You know that "pregnancy glow" a lot of women experience thanks to hormones and increased blood flow?
Yeah, we were too busy gagging at the smell of cooked food and experiencing pregnancy nosebleeds to notice if we had radiant skin (does sweat count?), either. Then, after giving birth, there's the postpartum hair loss to contend with, maybe a touch of incontinence, and the sleepless nights do our complexions no favours. Add the not-so-small responsibility of raising a human, place the weight of the world on your shoulders, wrap it all up in unwashed leggings and — voila! — your mom look is complete.
Well, it turns out the hits just keep coming, because a new study found that having children ages women on a cellular level faster than smoking or obesity.
It's all in the DNA
The U.S. study, published in February in the journal Human Reproduction, examined the telomere length of nearly 2,000 women between the ages of 20 and 44. Telomeres are caps at the end of each strand of DNA that protect chromosomes from deterioration (kind of like the plastic tips at the end of our shoelaces). Shorter telomeres have been previously linked to mortality, the researchers noted in the study.
Researchers found that women who had given birth had telomeres 4.2 per cent shorter than women who hadn't — the equivalent of adding 11 years to their age, according to a press release. The impact of having children was greater than that of smoking or being obese, the researchers noted.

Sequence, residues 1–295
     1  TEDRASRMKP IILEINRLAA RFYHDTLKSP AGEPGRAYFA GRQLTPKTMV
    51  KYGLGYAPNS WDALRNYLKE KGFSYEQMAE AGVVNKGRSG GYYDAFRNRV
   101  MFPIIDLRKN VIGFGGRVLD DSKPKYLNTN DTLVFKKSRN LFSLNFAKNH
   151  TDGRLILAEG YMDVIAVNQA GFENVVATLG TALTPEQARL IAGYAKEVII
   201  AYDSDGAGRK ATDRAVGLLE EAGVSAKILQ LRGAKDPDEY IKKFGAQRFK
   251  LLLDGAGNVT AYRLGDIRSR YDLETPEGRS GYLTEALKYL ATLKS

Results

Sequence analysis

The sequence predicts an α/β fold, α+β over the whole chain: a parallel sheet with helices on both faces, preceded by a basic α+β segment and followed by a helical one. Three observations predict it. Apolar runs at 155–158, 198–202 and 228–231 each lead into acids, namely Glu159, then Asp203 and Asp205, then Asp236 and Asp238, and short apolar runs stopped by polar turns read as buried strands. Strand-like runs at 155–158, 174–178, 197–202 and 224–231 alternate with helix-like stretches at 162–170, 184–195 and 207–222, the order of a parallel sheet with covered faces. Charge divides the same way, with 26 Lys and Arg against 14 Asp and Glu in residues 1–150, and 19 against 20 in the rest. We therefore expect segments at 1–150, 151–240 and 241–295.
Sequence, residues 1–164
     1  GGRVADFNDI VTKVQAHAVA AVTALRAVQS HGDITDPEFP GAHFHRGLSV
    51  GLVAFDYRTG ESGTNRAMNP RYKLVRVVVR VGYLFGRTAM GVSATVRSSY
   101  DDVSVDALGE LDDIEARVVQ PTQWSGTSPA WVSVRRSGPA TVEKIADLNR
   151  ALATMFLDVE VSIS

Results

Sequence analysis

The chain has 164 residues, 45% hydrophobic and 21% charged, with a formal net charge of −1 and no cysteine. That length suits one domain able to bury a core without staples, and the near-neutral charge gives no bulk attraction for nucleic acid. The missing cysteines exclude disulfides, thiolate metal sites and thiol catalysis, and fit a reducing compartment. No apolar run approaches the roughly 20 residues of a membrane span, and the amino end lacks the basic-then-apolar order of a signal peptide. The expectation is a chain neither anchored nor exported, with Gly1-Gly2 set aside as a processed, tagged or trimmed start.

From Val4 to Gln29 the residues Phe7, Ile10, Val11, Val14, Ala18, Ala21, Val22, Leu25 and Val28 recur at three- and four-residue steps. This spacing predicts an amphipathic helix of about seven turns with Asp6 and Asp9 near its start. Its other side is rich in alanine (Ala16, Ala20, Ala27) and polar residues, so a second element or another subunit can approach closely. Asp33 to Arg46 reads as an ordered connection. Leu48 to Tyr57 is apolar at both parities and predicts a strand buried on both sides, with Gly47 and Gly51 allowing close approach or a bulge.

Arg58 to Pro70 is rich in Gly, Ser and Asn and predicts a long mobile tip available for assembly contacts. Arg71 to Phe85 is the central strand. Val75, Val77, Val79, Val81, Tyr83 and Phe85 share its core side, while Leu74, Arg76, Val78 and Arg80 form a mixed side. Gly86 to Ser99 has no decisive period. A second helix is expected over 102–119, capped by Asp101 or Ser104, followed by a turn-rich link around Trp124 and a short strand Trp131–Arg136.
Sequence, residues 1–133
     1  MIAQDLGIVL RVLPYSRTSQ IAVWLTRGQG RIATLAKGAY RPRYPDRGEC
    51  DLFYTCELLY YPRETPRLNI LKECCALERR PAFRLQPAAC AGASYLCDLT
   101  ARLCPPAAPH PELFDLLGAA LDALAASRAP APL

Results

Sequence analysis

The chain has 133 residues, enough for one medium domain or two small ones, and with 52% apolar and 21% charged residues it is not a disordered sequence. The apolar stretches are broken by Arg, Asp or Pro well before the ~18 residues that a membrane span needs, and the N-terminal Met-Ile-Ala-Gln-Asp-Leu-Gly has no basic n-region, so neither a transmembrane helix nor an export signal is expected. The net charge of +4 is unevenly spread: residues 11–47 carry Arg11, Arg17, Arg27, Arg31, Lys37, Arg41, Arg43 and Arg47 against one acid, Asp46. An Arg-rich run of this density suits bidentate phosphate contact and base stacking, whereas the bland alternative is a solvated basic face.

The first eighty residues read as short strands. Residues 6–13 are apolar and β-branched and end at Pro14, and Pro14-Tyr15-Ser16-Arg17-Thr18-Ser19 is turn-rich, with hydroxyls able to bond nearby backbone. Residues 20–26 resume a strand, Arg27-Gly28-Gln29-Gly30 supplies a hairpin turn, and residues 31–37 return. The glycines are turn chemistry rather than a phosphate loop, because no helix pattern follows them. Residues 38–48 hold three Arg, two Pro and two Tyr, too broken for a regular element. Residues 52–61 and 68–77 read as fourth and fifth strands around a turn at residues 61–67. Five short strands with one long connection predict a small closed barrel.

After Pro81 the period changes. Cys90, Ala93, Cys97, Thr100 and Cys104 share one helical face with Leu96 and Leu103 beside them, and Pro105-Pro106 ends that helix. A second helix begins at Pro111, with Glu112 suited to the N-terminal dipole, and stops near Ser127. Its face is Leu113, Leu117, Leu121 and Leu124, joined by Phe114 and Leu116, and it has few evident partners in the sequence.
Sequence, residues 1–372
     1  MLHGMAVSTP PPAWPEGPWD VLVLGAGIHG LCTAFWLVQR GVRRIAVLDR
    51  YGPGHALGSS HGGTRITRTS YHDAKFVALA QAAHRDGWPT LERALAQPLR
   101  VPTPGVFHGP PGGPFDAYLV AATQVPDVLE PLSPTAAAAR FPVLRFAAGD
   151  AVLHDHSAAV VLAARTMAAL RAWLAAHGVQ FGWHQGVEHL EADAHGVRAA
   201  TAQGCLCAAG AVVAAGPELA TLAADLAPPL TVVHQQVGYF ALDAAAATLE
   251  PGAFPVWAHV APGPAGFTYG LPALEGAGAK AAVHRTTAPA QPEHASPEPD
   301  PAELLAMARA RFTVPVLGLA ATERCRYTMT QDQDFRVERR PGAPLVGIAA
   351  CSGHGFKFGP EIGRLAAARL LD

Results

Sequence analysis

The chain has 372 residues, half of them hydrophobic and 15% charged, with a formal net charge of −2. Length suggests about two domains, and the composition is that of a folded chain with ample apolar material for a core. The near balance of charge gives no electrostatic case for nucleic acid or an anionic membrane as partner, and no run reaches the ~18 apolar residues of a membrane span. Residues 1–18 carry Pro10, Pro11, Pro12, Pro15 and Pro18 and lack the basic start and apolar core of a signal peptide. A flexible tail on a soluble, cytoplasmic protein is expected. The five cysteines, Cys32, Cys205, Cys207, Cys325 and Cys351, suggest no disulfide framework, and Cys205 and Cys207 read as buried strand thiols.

"Other studies have looked at the effects smoking and obesity have on telomere length and they were notable. They concluded that in these groups, there was a four-and-a-half and eight-year increase in cellular aging, respectively," Anna Pollack, the study's lead author and assistant professor in the department of Global and Community Health at George Mason University in Virginia, told Global News.
"In our study, we found it's even stronger for women who've had children."
Don't change your plans to have children just yet
First of all, shorter telomeres don't necessarily mean a woman has more grey hair and wrinkles, Pollack told Global News.
"We know that telomere length ages you on a cellular level, but that doesn't necessarily mean that you'll look older," she said.
Second, the researchers caution that because the data was cross-sectional, it's impossible to pinpoint the exact cause or when exactly the shortening occurred. The data they examined didn't include information about social factors, stress, and fertility status, they said in the study, and further research is needed to confirm the findings, they added in a press release.
Having Children Can Make Women's Telomeres Seem 11 Years Older. Learn more about the findings of this recent study by Dr. Anna Pollack and MPH alumna Kelsey Rivers. https://t.co/900sGpaTSR #HARO pic.twitter.com/EnJ0Qllfga— George Mason CHHS (@MasonCHHS) March 8, 2018
"Moms who had kids have shorter telomeres compared to women who haven't, but we don't know when in their lifespan it happened. We don't know if it's the process of having kids that caused it," Pollack told Global News.
"We want to caution that this shouldn't cause anyone to change their family planning practices."
Still, given that shorter telomeres have also been linked to chronic health conditions and an increased likelihood of dying from heart disease or infectious disease, any moms out there would be well within their right to send the kids to bed early tonight.